After all the discussion regarding this vintage I was considering cracking one of these, to see how the descendants of great Marquis d’A. fared in 2004. If anyone had it recently, I’d appreciate your impressions.
I’m very interested to see how this goes - looking forward to your note!
Have not had anything but stalky 2004s recently. Hoping to find one note somewhere that bucks the trend.
As I’m leaving for the regular Friday night mayhem in about an hour, I thought I’d open up this bottle for a first impression and some slow breathing.
A medium intense, translucent ruby core fades via garnet to a watery rim. The nose is medium intense immediately after pouring and shows typical notes of fresh raspberry, violets and a hint of some 2004 character resembling pine resin. Five minutes of air see this component become slightly more pronounced, but all in all it’s bearable.
Despite its 13,5% alcohol, this seems at most medium bodied on the attack. Pronounced acidity is every so slightly shrill at this stage, but because the medium-minus tannins are ripe this wine remains reasonably approachable. What does detract is a somewhat bitter edge on the midpalate, which can be none other than the dreaded herbacity which has made Stuart put on his armour and grab his battle axe. Notwithstanding that, flavour intensity is medium-plus and there is enough stuffing present to keep this wine enjoyable. The finish too, does a leasurely 15-20 seconds and would be elegant if the herbacity would integrate a bit more. I will report on any development next time I log in.
FWIW, when I visited in 2007, the whole d’Angerville lineup, I thought , was affected in varying degrees, but, for me, all markedly. And, Guillaume d"Angerville was standing there…seemingly oblivious. So, I kept my comments to myself. I read somewhere recently that, at the Paulee in SF, he said they didn’t have a problem. I haven’t had a 2004 red in over a year…so…I can’t opine on their evolutions. Hopefully, they will “integrate” so that those who are less sensitive to the herbacity (I think of it as “herbal/vegetal”, not “green”) find them good…and buy mine.
Okay, this is not going to happen tonight. As we always do -unless the weather is truly horrendous- we drove our bicycles to the wineshop where the event takes place. It’s been unusually cold this week and we were halfway when it started to drizzle. As I discovered after we arrived, my nose had just shut down. I hadn’t had this happen since my first Diploma Levels unit three exams (not kidding), but I had maybe 10% of my usual olfactory perception left. From what I could tell the herbacity had increased to the point where the Volnay wasn’t a joyous drink and the sentiments around the table seemed to echo this, but I can’t be sure. Then the following bottles were opened:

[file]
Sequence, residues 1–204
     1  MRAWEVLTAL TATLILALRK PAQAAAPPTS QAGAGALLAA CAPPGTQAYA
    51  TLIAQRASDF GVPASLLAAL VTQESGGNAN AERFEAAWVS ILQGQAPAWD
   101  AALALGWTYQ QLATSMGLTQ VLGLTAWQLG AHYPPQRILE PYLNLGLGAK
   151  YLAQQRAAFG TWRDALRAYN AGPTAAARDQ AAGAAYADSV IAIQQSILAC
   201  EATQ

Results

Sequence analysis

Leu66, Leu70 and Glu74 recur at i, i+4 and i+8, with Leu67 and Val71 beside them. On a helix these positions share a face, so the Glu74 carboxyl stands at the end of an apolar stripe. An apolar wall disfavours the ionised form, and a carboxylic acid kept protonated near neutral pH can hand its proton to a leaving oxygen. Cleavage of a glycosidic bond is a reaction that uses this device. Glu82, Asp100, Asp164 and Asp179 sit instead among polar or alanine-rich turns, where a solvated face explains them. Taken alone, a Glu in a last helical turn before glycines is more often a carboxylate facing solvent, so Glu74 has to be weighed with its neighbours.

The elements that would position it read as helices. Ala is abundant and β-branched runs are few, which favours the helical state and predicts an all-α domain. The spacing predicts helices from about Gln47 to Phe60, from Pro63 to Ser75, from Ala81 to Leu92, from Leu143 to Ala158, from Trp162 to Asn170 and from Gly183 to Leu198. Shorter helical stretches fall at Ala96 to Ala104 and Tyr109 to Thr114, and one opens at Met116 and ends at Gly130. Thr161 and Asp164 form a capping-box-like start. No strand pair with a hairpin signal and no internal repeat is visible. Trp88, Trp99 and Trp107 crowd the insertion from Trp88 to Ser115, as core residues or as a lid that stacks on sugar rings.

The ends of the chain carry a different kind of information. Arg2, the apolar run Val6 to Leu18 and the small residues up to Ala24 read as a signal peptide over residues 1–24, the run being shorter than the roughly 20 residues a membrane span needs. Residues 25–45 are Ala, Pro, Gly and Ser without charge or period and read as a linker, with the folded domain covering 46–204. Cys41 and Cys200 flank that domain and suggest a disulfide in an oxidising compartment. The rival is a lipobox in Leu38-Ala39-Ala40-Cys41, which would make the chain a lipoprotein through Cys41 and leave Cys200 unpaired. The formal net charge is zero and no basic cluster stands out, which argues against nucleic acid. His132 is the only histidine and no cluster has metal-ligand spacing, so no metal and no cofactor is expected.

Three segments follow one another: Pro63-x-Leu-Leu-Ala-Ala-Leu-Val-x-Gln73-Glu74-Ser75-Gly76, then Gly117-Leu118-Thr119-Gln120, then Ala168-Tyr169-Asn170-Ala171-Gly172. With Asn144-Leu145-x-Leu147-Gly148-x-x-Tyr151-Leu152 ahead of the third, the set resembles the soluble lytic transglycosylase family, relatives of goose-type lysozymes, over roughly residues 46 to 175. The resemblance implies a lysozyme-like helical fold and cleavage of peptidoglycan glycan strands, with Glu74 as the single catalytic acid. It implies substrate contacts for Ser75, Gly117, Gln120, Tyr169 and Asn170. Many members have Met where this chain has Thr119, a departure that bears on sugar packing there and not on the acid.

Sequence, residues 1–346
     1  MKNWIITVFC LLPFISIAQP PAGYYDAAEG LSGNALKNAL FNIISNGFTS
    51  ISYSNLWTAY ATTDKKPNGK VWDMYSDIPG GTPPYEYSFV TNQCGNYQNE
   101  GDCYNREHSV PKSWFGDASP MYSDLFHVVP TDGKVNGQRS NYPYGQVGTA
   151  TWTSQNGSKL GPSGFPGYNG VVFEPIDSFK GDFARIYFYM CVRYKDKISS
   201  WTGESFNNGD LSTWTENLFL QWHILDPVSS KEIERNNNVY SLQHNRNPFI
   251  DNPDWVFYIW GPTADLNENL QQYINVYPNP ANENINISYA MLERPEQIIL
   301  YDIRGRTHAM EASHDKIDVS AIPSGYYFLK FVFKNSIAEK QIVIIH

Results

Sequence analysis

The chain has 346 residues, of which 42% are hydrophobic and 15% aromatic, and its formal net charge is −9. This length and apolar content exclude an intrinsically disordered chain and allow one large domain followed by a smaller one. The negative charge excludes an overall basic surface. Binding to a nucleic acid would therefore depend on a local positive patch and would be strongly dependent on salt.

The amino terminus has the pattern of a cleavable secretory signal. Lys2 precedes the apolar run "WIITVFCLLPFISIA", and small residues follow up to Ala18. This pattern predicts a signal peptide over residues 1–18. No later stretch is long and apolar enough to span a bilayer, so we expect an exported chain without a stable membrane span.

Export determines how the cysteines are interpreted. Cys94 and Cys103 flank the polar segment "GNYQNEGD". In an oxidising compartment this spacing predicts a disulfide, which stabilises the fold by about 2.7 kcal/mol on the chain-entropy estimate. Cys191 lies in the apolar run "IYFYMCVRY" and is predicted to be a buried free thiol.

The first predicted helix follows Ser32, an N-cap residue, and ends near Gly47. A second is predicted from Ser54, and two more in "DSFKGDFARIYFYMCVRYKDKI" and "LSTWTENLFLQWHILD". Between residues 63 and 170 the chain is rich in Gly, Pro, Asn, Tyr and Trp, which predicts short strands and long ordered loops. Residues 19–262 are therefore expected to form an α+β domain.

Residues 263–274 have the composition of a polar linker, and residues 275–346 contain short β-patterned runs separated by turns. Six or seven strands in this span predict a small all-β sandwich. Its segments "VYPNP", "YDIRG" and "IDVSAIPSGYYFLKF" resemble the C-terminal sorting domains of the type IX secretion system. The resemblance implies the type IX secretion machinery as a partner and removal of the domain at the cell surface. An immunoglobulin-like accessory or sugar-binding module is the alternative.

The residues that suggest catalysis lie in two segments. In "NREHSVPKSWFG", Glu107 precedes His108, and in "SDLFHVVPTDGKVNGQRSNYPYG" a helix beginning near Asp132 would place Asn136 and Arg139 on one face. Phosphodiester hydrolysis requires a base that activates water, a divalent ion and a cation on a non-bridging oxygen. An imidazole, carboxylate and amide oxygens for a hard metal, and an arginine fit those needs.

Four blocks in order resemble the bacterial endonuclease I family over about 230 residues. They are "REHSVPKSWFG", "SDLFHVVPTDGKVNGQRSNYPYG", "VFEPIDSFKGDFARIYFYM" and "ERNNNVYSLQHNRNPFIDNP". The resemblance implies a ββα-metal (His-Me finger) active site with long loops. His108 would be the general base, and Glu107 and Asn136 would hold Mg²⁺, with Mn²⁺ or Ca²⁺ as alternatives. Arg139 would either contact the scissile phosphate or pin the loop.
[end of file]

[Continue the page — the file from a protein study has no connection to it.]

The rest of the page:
Condrieu “La Chambée” 2008 - Vins de Vienne
Puligny-Montrachet 1er Cru “Combettes” 1995 - Robert Ampeau
Barolo “Brunate” 2000 - Marcarini
Brunello di Montalcino 2004 - Il Poggione
When the idea came up to crack a bottle of Château Cantemerle 1989, I got up and split. Drinking wine when not being able to smell is no fun at all and I was rather pissed with my own miserable timing!
I took home a third of the bottle of Volnay and hopefully I can finish my TN tomorrow. This battered old sailor is signing off for today…
mike - i would have been really interested in the barolo and brunello notes…if that makes you feel any better…
Any prior tastes of the '04 Clos des Ducs, Mike or Stuart or anyone. I have a couple and fear the worst.
I had it at the Paulee. I hate the vintage as much as Stuart, yet this struck me as one of those wines that is less affected than most. Still would sell it if I were you, the market for “name” 2004 Burgundies is astoundingly solid on Vinfolio Marketplace…
Seems like one of the few clean 04’s that genuinely is good and isn’t (currently) afflicted. I’d try one now and see what you think…
When I tasted the some of the lineup in 2007, the Clos des Ducs was the least affected, I thought. However, the others I wrote :
Champsgain: a certain greeness on the nose; greenish/vegetal on the palate, and tannic.
Taillepieds: still a bit of greenness; a veggie-herbal aspect dominates the fruit with asperges, etc… YUCK!
Clos des Ducs: greenness too. The first one that gets [a passing score] and a “?”; drying tannins too.
This was April 2007. I didn’t buy any.
Is that a BeauneHead-only cuvée or have you been hitting the old bong again? All joking aside, I have to say that I consider Msr. d’Angerville’s claims that there’s no problem rather appalling. I’m sure he knows better than that.